SANTA FE (KRQE) – Call it vital economic development money or pork.
State lawmakers were able to approve a $231 million funding package on the last day of the 2014 session. Nearly $33 million of that is earmarked for Bernalillo County, an interesting list of projects that still has to get past Gov. Susana Martinez’s veto pen.
For the second year in a row, legislators chipped in to improve the UNM baseball squad’s home ballpark. Last year, they spent $100,000 on stadium lighting. This year, there’s $260,000 set aside for something arguably more important … building real bathrooms.
“That’s a big deal,” said Ray Birmingham, Lobo baseball’s head coach. “Most of our fans have come to the game and complained about porta-potties and they shouldn’t have to go to a bathroom in a porta-potty, especially the ladies.”
Birmingham says UNM’s home stadium is the only one his team plays in without permanent bathrooms.
Lawmakers were kind in general to UNM sports, earmarking $824,450 to beef up athlete weight rooms and $110,000 for more covered shading and new goal netting at UNM’s soccer complex. The ever-popular Johnson Field is also set to get improved lighting and a better running path.
And then there’s the Albuquerque BioPark, which has just one item on the long list of capital outlay projects. This year, legislators allocated another $230,500 for a new jaguar exhibit, a little bit less than the $232,500 they approved last year. BioPark director Rick Janser say the current habitat was built in the 1970s and the new jaguar home will be better for both the animal and visitors.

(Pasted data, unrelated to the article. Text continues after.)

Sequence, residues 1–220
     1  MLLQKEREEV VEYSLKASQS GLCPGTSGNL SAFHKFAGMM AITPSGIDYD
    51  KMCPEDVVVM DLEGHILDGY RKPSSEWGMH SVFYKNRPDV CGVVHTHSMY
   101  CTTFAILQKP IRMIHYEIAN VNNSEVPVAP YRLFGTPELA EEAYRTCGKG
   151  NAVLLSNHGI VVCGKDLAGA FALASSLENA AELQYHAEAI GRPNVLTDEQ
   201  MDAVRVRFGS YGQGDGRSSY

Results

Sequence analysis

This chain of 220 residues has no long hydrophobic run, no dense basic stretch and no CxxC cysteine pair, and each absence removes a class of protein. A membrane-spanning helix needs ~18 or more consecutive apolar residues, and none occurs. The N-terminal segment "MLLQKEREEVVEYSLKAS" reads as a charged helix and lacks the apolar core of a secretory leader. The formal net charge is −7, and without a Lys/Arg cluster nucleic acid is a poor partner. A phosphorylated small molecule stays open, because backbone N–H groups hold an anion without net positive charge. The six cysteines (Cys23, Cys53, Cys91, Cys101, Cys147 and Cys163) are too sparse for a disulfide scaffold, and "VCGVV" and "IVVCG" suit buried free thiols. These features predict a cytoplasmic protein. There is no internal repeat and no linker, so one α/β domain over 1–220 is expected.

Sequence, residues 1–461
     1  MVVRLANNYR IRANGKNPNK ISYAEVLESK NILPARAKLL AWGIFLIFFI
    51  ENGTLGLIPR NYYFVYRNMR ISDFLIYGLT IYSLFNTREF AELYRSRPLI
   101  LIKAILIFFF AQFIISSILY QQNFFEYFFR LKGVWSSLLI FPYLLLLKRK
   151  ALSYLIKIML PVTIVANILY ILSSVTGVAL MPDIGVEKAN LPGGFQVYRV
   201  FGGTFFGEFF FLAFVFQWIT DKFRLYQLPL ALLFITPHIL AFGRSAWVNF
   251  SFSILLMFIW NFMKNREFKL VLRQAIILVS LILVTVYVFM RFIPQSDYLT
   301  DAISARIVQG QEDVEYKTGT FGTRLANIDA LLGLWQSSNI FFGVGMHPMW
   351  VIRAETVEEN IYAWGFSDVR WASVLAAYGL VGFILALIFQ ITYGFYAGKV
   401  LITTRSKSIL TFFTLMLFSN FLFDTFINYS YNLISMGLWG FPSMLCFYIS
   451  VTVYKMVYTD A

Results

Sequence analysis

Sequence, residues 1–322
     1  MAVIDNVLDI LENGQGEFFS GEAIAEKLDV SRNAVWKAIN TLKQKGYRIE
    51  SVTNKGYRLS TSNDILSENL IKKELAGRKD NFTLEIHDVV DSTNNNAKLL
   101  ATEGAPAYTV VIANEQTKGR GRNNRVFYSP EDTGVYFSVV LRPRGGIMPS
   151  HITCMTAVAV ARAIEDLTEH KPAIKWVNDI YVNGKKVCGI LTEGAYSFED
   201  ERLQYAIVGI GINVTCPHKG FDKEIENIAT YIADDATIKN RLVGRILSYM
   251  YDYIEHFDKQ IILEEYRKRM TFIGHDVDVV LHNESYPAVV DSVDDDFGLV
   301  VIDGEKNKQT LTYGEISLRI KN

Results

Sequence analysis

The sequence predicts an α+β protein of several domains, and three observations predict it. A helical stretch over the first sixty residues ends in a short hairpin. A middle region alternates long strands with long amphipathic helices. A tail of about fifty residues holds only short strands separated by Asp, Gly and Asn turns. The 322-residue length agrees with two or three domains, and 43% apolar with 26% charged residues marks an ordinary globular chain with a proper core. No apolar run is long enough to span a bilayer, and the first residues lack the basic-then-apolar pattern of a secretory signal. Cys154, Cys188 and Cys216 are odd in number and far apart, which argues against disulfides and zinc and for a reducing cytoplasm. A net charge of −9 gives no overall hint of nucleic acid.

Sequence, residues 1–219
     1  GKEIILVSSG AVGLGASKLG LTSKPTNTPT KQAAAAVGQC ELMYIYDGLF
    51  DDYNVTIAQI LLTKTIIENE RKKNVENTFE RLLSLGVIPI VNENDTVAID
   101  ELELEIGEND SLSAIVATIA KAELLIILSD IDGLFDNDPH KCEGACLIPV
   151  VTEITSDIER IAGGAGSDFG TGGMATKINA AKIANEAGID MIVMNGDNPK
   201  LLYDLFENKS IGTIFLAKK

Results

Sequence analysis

“Waterfalls, climbing structures and areas where the public can see from up high, down low, through windows,” Janser said. “You can look down on the animal and if he’s in a tree, you can get closer to him.”
Janser says the new habitat should take 18 months to design and build if Gov. Martinez signs off on this year’s funding.
Other cultural facilities in the city are set to get a boost. Explora! is set to get $596,000 for an expansion. The Albuquerque Museum of Art and History has $349,000 earmarked for improvements.
The New Mexico Museum of Natural History and Science is set to get $110,000 towards replacing the Planetarium’s projection system, but that amount isn’t nearly enough to get the job done.
“We were hoping for over half a million,” said Simone Seagle, assistant director of space science at the museum.
The capital outlay request filed for the project asks for $750,000.
That project and other partly-funded proposals could draw increased scrutiny from the governor. She’s line-item vetoed capital outlay projects in the past if the money allocated isn’t enough to complete a phase of a project or the item in question isn’t something that will last for a long time.
Gov. Martinez has a little more than two weeks to decide which projects will survive and which ones will be axed.